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Publication numberUS6951703 B2
Publication typeGrant
Application numberUS 10/423,985
Publication dateOct 4, 2005
Filing dateApr 28, 2003
Priority dateJun 15, 2002
Fee statusPaid
Also published asUS20040002014
Publication number10423985, 423985, US 6951703 B2, US 6951703B2, US-B2-6951703, US6951703 B2, US6951703B2
InventorsSeong-joon Chae, Kyung-yol Yon, Joong-hwan Choi, Jeong-hun Pang
Original AssigneeSamsung Electronics Co., Ltd.
Export CitationBiBTeX, EndNote, RefMan
External Links: USPTO, USPTO Assignment, Espacenet
Liquid developer for developing latent electrostatic image and method for preparing the same
US 6951703 B2
Abstract
A liquid developer for high-quality image reproduction and a method of preparing the liquid developer. The liquid developer exhibits good pigment dispersion by the introduction of organosol. The liquid developer contains fine toner particles of a uniform size with a volume-average to number-average particle diameter ratio of 1.5-2.5, and thus can produce high-resolution images. The liquid developer preparation method is environmentally friendly, simple, and cost effective because no cosolvent is used, thus eliminating the need for a cosolvent removal process.
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Claims(18)
1. A liquid developer comprising:
a mixture of an organosol, a pigment, a charge control agent, and a hydrocarbon solvent, the mixture having a volume-average to number-average particle diameter ratio of 1.5-2.5.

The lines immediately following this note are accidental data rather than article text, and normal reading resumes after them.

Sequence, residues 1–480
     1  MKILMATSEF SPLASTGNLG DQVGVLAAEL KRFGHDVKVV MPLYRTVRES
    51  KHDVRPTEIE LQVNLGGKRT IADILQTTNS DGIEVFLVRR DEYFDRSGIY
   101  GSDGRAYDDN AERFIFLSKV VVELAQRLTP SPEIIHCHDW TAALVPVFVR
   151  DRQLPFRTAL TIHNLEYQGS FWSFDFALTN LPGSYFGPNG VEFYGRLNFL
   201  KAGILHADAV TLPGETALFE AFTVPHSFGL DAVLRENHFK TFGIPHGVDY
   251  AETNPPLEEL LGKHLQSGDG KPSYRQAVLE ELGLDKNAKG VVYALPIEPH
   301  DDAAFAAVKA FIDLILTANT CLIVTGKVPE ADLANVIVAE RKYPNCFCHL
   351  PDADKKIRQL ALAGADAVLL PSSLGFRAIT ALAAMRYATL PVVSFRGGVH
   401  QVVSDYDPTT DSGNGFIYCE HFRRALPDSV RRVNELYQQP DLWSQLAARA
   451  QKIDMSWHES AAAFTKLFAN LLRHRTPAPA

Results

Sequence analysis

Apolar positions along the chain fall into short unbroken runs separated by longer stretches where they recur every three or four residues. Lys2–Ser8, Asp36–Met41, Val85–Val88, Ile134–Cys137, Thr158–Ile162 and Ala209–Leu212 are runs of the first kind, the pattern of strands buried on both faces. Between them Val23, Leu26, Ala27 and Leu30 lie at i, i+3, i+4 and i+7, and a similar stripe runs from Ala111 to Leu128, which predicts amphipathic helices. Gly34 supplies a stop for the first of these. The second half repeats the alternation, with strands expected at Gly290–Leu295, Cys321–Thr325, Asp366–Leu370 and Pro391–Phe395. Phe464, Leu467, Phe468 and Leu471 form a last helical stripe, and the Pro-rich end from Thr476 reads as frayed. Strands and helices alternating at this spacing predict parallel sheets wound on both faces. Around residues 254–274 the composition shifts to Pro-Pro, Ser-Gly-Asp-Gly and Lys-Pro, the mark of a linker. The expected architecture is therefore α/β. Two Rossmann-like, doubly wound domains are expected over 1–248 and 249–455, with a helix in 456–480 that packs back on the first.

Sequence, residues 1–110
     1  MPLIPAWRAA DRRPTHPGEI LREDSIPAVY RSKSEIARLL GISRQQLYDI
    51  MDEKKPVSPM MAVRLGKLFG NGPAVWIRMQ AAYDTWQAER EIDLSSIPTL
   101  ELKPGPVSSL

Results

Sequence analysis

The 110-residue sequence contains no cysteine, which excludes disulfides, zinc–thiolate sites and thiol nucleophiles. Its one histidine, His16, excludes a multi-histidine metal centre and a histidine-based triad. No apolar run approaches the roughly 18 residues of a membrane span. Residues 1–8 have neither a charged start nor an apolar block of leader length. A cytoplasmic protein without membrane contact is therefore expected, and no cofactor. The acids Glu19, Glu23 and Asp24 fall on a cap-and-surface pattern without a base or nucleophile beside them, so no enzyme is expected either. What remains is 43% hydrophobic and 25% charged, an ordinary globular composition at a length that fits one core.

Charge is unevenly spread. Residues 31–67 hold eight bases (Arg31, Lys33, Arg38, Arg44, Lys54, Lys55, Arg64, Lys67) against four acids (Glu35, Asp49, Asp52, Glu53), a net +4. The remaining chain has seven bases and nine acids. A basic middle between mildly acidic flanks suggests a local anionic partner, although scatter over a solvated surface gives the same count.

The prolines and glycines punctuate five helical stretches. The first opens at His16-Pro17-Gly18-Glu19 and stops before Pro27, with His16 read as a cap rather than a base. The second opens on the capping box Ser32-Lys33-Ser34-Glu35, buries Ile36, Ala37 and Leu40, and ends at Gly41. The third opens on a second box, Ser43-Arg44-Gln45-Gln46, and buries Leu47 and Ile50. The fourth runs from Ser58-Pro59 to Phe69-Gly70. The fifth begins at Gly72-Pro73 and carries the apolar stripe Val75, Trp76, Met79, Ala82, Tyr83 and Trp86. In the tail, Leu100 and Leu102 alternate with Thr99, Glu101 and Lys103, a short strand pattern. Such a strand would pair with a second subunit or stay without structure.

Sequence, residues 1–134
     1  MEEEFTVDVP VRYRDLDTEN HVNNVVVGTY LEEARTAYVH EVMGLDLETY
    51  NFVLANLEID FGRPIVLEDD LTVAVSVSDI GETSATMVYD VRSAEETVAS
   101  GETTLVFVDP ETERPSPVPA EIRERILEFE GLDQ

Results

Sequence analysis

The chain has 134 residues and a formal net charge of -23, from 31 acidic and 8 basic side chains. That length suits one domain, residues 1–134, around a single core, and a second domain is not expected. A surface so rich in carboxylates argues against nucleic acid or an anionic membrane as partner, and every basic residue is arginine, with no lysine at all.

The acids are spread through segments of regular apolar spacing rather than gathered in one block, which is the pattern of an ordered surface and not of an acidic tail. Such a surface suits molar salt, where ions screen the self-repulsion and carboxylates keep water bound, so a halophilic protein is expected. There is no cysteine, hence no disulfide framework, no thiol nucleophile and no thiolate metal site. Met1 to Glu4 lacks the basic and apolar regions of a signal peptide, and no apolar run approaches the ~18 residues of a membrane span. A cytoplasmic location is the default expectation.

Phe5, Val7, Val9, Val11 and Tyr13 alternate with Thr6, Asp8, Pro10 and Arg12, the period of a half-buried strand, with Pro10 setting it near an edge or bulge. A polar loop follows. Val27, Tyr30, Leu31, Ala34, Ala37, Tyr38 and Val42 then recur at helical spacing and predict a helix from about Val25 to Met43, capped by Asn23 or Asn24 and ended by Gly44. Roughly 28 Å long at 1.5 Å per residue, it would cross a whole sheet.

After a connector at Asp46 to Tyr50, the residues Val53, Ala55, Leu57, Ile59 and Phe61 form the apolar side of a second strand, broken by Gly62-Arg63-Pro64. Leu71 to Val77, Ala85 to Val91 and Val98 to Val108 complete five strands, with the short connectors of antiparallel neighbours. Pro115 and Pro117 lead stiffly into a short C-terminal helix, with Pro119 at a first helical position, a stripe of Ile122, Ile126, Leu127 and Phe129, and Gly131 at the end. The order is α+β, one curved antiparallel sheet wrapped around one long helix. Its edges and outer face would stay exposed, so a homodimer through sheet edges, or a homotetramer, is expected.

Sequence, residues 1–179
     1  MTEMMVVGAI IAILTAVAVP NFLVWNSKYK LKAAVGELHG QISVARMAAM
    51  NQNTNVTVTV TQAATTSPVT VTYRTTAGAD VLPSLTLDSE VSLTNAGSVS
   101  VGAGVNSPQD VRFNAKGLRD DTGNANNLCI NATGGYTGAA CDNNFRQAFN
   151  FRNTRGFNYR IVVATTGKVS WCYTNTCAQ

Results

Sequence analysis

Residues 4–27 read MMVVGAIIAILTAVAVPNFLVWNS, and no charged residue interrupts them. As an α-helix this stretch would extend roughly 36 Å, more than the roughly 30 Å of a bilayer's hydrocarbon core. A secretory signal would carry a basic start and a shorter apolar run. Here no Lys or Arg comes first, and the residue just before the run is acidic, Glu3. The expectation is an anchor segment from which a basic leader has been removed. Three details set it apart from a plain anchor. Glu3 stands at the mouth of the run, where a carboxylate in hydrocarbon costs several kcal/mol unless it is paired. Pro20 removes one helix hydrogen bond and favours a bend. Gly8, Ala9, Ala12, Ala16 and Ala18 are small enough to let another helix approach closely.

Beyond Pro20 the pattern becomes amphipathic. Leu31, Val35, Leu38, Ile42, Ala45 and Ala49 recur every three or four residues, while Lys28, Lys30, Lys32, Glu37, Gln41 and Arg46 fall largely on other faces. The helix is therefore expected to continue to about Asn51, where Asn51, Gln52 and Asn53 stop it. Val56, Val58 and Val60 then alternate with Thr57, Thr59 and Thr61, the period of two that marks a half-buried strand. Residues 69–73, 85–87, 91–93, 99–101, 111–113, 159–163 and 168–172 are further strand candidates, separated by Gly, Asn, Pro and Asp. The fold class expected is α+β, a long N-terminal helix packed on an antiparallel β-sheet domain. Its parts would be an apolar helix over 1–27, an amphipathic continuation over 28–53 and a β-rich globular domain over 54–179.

2. The liquid developer of claim 1, wherein the organosol comprises:
a core including ethylmethacrylate; and
a shell including lauryl methacrylate.
3. The liquid developer of claim 1, wherein the pigment is selected from the group consisting of phthalocyanine blue, monoarylide yellow, diarylide yellow, arylamide yellow, azo red, quinachridone magenta, naphthol yellow, carbon black, and a mixture thereof.
4. The liquid developer of claim 1, wherein the charge control agent is selected from the group consisting of metal salts of fatty acids, metal salts of sulfo-succinates, metal salts of oxyphosphates, metal salts of alkyl-benzenesulfonic acid, metal salts of aromatic carboxylic acids and sulfonic acids, polyoxyethylated alkylamines, lecithin, polyvinyl-pyrrolidone, basic barium petronate, and calcium petronate.
5. The liquid developer of claim 1, wherein the hydrocarbon solvent is selected from the group consisting of ISOPAR G, ISOPAR H, ISOPAR M, ISOPAR V, NORPAR 12, and NORPAR 15.
6. The liquid developer of claim 1, wherein the volume-average particle diameter is 1.3 μm or less.
7. The liquid developer of claim 1, wherein the volume-average to number-average particle diameter ratio is 1.7-2.0.
8. The liquid developer of claim 1, wherein the organosol comprises a core formed of a thermoplastic resin.